An April 21 YouGov poll found majority support for cutting only one program: foreign aid. And for many programs more people favored increased spending over decreased spending. These include Social Security, Medicare, veterans’ benefits, health research, education, highways, and science and technology.
In an April 21 commentary, economists Lars Calmfors and Simon Wren-Lewis examine the effectiveness of fiscal councils in contributing to fiscal stability.
An April 20 report from the Center on Budget and Policy Priorities found that two-thirds of the budget cuts in Rep. Paul Ryan’s budget plan would come from programs that benefit those with lower incomes.
An April 20 Washington Post/ABC News poll found that people oppose Rep. Paul Ryan’s plan to privatize Medicare by a 2-to-1 margin. An overwhelming 84 percent of people favor keeping Medicare exactly as it is.
In an April 19 commentary, Jerome Powell, Treasury Under Secretary for Finance in the George H.W. Bush administration, warned of dire consequences if Republicans block an increase in the debt limit.
In an April 18 report, journalist David Weigel traced development of the Republican mantra that budget deficits can never be caused by lower revenues, only by higher spending.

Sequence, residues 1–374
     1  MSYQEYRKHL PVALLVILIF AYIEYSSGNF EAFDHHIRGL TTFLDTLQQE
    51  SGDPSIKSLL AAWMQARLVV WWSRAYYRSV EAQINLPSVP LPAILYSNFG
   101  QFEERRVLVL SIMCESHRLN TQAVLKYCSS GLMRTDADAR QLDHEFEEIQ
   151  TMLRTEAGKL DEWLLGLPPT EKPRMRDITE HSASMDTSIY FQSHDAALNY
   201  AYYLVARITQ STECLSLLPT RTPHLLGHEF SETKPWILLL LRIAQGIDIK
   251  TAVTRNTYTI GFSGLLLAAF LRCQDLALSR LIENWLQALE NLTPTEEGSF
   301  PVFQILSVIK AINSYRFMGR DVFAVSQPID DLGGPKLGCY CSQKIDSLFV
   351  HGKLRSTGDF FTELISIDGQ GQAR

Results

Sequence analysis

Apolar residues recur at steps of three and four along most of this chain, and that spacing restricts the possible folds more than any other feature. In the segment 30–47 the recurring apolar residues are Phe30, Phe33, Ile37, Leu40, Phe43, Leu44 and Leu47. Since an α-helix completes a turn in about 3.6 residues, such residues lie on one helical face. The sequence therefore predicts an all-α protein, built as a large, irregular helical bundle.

An April 18 McClatchy-Marist poll found that 69 percent of voters oppose raising the federal debt limit, including half of self-identified liberals. The same poll also found that 80 percent of voters, including 70 percent of Tea Party members, oppose cutting Medicare or Medicaid to deal with the budget deficit.
In an April 18 commentary, economist Christopher Whalen urged Congress not to raise the debt limit even if it leads to debt default.
In an April 15 report, the U.S. Government Accountability Office estimated that in fiscal year 2010 the federal government made at least $125 billion in improper payments.
On March 25, the Congressional Research Service published a report on foreign holdings of Treasury securities.
I last posted items on this topic on April 20.
Bruce Bartlett is an American historian and columnist who focuses on the intersection between politics and economics. He blogs daily and writes a weekly column at The Fiscal Times. Bartlett has written for Forbes Magazine and Creators Syndicate, and his work is informed by many years in government, including as a senior policy analyst in the Reagan White House. He is the author of seven books including the New York Times best-seller, Imposter: How George W. Bush Bankrupted America and Betrayed the Reagan Legacy (Doubleday, 2006).